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The endoplasmic reticulum aminopeptidase 1 (ERAP1) performs a major role in antigen processing, trimming N-terminally extended peptides to the final epitope for presentation by major histocompatibility complex class I molecules. Recent genome-wide association studies have identified single nucleotide polymorphisms (SNPs) within ERAP1 as being associated with disease, in particular ankylosing spondylitis (AS). AS is a polygenic chronic inflammatory disease with a strong genetic link to HLA-B27 known for over 40 years. The association of ERAP1 SNPs with AS susceptibility is only observed in HLA-B27-positive individuals, which intersect on the antigen processing pathway. Recent evidence examining the trimming activity of polymorphic ERAP1 highlights its role in generating peptides for loading onto and stabilizing HLA-B27, and the consequent alterations in the interaction of specific NK cell receptors, and the activation of the unfolded protein response as important in the mechanism of disease pathogenesis. Here, we discuss the recent genetic association findings linking ERAP1 SNPs with AS disease susceptibility and the effect of these variants on ERAP1 function, highlighting mechanisms by which AS may arise. The identification of these functional variants of ERAP1 may lead to better stratification of AS patients by providing a diagnostic tool and a potential therapeutic target.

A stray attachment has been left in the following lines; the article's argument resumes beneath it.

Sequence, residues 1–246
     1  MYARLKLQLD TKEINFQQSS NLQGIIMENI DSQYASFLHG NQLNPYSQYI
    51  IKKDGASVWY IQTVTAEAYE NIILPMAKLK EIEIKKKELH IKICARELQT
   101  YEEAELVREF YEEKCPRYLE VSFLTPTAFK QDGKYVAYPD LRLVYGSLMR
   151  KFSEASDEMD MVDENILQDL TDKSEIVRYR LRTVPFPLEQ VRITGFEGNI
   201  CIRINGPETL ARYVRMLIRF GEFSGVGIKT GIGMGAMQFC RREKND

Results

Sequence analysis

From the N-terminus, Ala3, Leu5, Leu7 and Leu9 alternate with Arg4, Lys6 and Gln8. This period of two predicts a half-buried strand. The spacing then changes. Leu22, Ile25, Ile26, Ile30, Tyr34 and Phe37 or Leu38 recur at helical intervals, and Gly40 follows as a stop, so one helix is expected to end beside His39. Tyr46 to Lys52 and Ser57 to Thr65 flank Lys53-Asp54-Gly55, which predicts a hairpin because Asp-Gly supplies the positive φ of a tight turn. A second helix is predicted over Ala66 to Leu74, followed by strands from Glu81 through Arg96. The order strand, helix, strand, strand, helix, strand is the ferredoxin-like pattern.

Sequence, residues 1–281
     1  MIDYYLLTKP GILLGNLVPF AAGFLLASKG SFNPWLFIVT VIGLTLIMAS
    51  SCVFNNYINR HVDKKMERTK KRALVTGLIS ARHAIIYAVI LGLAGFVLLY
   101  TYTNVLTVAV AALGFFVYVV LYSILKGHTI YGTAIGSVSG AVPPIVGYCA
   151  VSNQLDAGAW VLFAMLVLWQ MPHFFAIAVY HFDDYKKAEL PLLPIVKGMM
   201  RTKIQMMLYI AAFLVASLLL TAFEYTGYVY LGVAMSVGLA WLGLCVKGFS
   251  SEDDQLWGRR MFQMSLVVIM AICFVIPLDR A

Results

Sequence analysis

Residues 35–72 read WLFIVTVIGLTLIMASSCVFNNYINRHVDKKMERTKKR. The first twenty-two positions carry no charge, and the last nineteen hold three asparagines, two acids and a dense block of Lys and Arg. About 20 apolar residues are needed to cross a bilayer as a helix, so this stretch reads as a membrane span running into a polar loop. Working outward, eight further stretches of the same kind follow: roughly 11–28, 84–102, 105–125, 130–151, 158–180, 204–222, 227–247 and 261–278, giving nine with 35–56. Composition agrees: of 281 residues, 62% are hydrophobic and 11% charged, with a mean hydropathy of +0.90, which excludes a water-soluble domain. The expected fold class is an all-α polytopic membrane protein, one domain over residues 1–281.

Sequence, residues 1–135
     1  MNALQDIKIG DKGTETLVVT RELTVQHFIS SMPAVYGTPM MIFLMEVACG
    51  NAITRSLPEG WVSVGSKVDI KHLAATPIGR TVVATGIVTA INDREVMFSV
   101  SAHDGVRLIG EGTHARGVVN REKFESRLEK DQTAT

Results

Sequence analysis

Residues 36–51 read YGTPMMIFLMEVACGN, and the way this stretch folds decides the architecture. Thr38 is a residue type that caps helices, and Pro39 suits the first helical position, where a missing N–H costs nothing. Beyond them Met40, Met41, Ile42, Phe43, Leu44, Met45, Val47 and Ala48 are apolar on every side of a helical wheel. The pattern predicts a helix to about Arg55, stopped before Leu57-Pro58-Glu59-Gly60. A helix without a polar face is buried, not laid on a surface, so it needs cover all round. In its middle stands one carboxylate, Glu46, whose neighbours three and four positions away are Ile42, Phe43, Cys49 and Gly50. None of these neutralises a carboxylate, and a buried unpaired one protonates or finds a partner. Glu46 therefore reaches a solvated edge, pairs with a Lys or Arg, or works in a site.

Original publication




Journal article


Immunologic research

Publication Date





257 - 269


Cancer Sciences Unit, Somers Cancer Research Building, Southampton General Hospital, Mailpoint 824, Tremona Road, Southampton, SO16 6YD, UK.


Animals, Humans, Spondylitis, Ankylosing, Autoimmune Diseases, Aminopeptidases, Histocompatibility Antigens Class I, HLA-B27 Antigen, Minor Histocompatibility Antigens, Antigen Presentation, Polymorphism, Single Nucleotide, Genome-Wide Association Study